We all die, right? Some of us do it the long way, chipping away at life slowly until there is nothing left; others check out abruptly with a sudden heart attack or accident. Some of us do it when we are old and others do it when we are younger. It's them -- those younger people -- that get under my skin.
For the record, I don't walk around dwelling on my own eventual death. Although if science really wanted to tame civilization, it would discover a way to let us know in advance precisely when the hat girl will hand over our final Fedora. If you knew when you were going to die, there would be no "I love you's" left unspoken, no bullshit tolerated, and frankly, no uncertainty about whether you should answer your phone when you're on vacation with your family. You also wouldn't buy any green bananas, metaphorically or otherwise.
The truth is, if we had a firm check-out date, our priorities would crystalize, and indecision and procrastination would evaporate. But instead, even when we are handed a lousy medical diagnosis, we are also dispensed hope. And in most cases, it's the hope we hear and cling to, not the acceptance of the fact that we all must die.
I get it. I'm all for dying, just not yet. It's a conversation that an old friend and former colleague, Brett Levy, and I had this week. Levy, a technology wizard at Red Badge Consulting, is the unofficial archivist of information about the newspaper where we both worked for decades. This week he posted to the alumni group about two deaths in our midst. Ruth Ryon, who wrote the nationally syndicated Hot Property column that I took over at her retirement, was 69 and died from Parkinson's complications. And former sports writer/USC player Lonnie Smith died unexpectedly at 49. Levy also lost a friend last week, so he basically hit the Death Trifecta and was feeling low.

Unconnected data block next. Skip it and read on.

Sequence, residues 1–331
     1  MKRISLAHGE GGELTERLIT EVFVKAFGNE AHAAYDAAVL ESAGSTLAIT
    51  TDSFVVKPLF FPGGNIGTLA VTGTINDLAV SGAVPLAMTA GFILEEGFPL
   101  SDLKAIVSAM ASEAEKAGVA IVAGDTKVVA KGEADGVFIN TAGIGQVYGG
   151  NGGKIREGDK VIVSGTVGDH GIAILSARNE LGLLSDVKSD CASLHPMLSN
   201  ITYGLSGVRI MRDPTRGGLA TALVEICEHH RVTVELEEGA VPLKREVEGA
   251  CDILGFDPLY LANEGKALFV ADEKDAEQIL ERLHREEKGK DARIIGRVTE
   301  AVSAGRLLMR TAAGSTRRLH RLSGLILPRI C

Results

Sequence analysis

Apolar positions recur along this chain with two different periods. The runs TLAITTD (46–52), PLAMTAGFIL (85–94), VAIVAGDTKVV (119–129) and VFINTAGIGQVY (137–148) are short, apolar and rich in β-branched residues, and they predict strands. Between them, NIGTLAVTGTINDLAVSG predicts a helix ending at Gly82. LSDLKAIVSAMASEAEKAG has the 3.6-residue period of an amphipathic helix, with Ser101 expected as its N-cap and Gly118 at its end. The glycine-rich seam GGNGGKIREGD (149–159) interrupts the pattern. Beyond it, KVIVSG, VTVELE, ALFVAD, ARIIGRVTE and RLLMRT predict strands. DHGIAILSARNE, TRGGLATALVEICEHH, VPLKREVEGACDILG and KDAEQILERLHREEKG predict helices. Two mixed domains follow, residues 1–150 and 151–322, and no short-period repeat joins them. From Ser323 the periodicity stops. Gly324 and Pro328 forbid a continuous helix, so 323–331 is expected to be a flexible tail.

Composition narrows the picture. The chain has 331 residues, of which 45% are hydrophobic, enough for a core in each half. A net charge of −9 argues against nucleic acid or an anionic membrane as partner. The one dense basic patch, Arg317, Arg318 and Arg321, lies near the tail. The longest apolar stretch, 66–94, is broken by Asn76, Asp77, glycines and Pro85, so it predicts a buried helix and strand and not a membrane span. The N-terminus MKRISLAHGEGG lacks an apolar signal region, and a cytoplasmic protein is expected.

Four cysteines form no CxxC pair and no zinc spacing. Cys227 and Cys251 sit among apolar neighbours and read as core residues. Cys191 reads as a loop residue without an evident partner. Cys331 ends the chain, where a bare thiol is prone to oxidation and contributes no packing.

"Turning 50 a few months ago was pretty tough," Levy told me. "But the loss of three colleagues in as many days is a painful blow. Two of the deceased were just a year or two short of reaching 50." And therein lies the rub. When people we know die, we instantly do the math. If the deceased are close in age to us -- even worse if they are younger -- we start examining our own lives with a scrutiny last seen on the eve of our 30th birthday. It starts with a big gulp.
Levy asked the question we all ask when we play the death numbers game: "What if that was me?"
His worries echo my own: "Would my family be OK once I'm gone?" Levy's dad died when he was 9 and Levy's children are now 8 and 11. "I know that I have to hang in there as long as possible for their sake, if nothing else," he said, adding, "When friends and family my age die, it really drives that point home."
I always say that when a contemporary dies, I find inspiration to do an extra mile on the treadmill and have less trouble pushing away the pizza box for about a week. But what I also do is say a little prayer of thanks because, like Levy, I've got kids at home and a husband that needs me.
There is a second wave that follows the "what will happen to my family?" worry. That's the one where you ask yourself if this is all there is. If I'm not going to travel around the world or learn to fly a plane now, then when will I ever do it? The sand in the hour glass is running out and the question we all ask is "Is this how I want to be spending my days if they were my final ones?" Hint: Nobody loves their job that much.
Nope, we aren't invincible and nobody young ever plans to die. It's why teenagers drive too fast around curves and we reach for butter when no one is looking. It's why we think we are doing the right thing when we let the office interrupt our family dinners and why we tell ourselves that it's more important to finish the report for the boss than watch our kid's soccer game on Saturday. Nobody but nobody knows when the last day is near.
When I look into my crystal ball -- the one made of family genes and lifestyle choices -- I come out ahead, if you consider living a long time a good thing. Longevity runs in my family, which is both a blessing and a curse.
My Aunt Fay just celebrated her 100th birthday this week. She lives in a small assisted-care private home with a few other women, supervised by a young couple who own the home and run their care-giving business from it. Aunt Fay ate three pieces of her birthday cake surrounded by colorful balloons and, best anyone could determine, had no clue what any of it was for. I tell myself it doesn't matter because she loved the cake. Aunt Fay has had dementia for years and long ago lost the ability to recognize visitors -- an excuse I use to get myself off the hook for not visiting more often. The bulk of Aunt Fay's visitations are made by my Cousin The Saint, the relative who stepped up when the time came and moved Fay near her.
My Cousin The Saint and I often have the talk about how the longevity in our genes may sentence us to a fate similar to Fay's, whose mind may have failed her but her heart keeps on ticking. Somehow I know that my once-vibrant and always-busy aunt must be wondering where that hat check girl is and why she's taking so long to come around with that final Fedora.